Vasturia has started his senior season looking reinvigorated offensively. He’s averaging over 16.3 points, up from 11.4 last year, and importantly, is hitting 46.7% of his threes. Though likely not sustainable, is it too much to ask for a repeat of his 41.1% as a sophomore? With Pflueger being able to guard the opposing team’s best player for 20-25 minutes a game, Stove is free to focus on putting the ball in the bucket. So far, he’s accomplishing that quite well.
Interior defense might be an issue
Teams with two solid big men scare me. Purdue (Swanigan and Haas) and UNC (Meeks and Hicks) immediately come to mind. On Tuesday, a freshman post player for Iowa (Cordell Pemsl) scored 18 points on 8-9 shooting, after scoring seven points combined in his previous two games. Early in the second half after Marty picked up his third foul, Iowa routinely went to Pemsl against Bonz for easy bucket after easy bucket.
Bonz has his moments defensively, but because he is only 6’5, he is no match for a larger, competent low-post scorer. Marty is going to be key for this team, and his second half effort against Iowa (7 rebounds in 8 second half minutes) hopefully will give him confidence to provide some resistance down low. When Brey goes to four guards/wings around Bonz, the Irish certainly flow better offensively. However, rebounding and interior defense takes a significant hit. This is especially concerning because Brey will go to Pflueger in crunch time due to his defense, and we know that Beach, Bonz, Stove and Farrell aren’t coming out of the game. Let’s see how they handle it.
The road ahead
The front-half of the ACC schedule is incredibly difficult, but before we get there, December can gives a glimpse of what to make of the 2016-17 Irish. Buy games against NC A&T, Colgate and St. Peter’s should be wins, which would guarantee the Irish 10 before the start of ACC play at Pitt on December 31.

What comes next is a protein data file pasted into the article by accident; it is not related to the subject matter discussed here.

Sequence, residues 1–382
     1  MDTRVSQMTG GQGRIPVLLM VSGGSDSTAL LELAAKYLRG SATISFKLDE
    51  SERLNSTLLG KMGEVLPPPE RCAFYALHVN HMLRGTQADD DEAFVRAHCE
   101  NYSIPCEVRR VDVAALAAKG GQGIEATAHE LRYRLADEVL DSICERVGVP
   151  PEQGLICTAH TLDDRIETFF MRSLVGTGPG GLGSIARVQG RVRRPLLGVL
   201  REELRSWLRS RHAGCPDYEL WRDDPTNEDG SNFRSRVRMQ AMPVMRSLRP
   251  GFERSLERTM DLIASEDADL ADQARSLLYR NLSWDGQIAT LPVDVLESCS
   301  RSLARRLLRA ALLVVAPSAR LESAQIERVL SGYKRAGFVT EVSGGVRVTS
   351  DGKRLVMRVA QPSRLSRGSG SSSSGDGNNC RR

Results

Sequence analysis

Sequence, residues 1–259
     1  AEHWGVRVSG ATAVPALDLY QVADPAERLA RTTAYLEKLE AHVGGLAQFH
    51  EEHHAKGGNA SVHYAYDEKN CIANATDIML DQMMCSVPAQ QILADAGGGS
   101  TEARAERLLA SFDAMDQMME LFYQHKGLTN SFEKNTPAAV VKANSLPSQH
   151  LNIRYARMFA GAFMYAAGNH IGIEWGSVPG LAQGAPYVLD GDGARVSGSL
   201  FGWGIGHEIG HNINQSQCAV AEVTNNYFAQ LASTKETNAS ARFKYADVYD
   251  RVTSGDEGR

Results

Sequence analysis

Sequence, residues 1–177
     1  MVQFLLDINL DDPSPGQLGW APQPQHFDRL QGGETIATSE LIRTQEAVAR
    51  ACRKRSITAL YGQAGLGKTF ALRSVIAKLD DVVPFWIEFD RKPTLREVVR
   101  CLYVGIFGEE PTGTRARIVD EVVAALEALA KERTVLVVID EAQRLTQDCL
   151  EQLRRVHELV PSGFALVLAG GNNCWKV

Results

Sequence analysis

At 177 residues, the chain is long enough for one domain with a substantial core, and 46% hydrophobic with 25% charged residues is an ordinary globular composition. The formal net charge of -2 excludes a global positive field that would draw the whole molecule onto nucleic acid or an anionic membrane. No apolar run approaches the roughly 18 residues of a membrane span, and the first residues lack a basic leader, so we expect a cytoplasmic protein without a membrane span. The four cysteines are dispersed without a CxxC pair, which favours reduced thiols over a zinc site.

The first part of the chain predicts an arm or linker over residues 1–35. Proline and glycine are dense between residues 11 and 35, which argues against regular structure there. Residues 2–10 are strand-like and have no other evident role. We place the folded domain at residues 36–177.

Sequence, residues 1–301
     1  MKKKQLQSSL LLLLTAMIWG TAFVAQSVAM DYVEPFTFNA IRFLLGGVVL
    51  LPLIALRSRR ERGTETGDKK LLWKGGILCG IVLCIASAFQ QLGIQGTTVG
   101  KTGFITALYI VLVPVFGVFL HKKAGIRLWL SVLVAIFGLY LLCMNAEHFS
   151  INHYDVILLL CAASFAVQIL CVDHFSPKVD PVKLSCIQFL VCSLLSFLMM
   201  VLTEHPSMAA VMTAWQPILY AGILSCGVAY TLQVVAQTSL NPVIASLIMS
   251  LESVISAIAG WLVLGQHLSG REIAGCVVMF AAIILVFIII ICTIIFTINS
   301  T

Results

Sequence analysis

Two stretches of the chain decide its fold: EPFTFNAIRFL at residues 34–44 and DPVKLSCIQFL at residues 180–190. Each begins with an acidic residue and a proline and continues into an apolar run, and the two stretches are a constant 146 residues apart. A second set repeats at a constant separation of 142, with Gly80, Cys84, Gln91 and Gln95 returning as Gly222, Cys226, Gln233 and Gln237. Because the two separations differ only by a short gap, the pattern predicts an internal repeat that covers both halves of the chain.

Fort Wayne – December 6
When looking at the schedule when it was released, surely few circled a matchup with the Mastodons as a test. Then Fort Wayne took it to the Hoosiers, beating them in overtime. The Mastodons have some solid guard talent and athletic bigs, which will provide a good test for the Irish before the biggest non-conference game of the season.
Villanova – December 10
The Irish return to Philly in a little over a week to take on the defending National Champions. They are really good, and while they lost Arcidiacano and Ochefu, Hart and Jenkins are incredibly talented. Asking for a win here may be a bit much, but even a tough loss could show us with the Irish are made of.
Purdue – December 17
It’s an even year, so ND gets the hated Purdue Boilermakers in the Crossroads Classic. Purdue has already lost twice: to the previously mentioned Villanova Wildcats, and most recently to Louisville. As discussed above, this will be a telling matchup for the Irish to see how they handle a huge frontcourt in Swanigan and Haas. It may not be 99-68 like it was in 2014, but a win here could set the Irish up for a hugely successful season.